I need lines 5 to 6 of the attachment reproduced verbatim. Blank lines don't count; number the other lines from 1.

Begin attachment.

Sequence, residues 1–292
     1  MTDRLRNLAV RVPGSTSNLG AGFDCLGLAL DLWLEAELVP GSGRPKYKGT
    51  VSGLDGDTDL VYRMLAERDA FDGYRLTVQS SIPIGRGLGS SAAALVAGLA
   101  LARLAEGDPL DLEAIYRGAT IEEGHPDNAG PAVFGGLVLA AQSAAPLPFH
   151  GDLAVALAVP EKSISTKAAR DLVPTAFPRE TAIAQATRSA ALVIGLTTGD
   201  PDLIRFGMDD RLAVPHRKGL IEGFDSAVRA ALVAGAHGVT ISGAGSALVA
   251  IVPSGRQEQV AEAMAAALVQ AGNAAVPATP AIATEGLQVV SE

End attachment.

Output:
   151  GDLAVALAVP EKSISTKAAR DLVPTAFPRE TAIAQATRSA ALVIGLTTGD
   201  PDLIRFGMDD RLAVPHRKGL IEGFDSAVRA ALVAGAHGVT ISGAGSALVA